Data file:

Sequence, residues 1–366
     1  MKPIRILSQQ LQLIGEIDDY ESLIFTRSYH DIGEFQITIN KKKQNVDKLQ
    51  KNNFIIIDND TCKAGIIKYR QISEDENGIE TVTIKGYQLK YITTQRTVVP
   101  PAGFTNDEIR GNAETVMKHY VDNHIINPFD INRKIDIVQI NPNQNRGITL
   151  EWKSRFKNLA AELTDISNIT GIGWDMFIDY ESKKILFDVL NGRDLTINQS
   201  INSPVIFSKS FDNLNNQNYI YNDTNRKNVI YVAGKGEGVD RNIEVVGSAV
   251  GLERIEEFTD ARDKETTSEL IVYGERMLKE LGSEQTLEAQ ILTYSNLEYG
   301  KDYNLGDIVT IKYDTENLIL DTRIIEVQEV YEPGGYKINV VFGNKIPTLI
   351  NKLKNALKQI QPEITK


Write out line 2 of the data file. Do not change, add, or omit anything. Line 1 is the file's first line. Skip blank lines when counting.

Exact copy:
     1  MKPIRILSQQ LQLIGEIDDY ESLIFTRSYH DIGEFQITIN KKKQNVDKLQ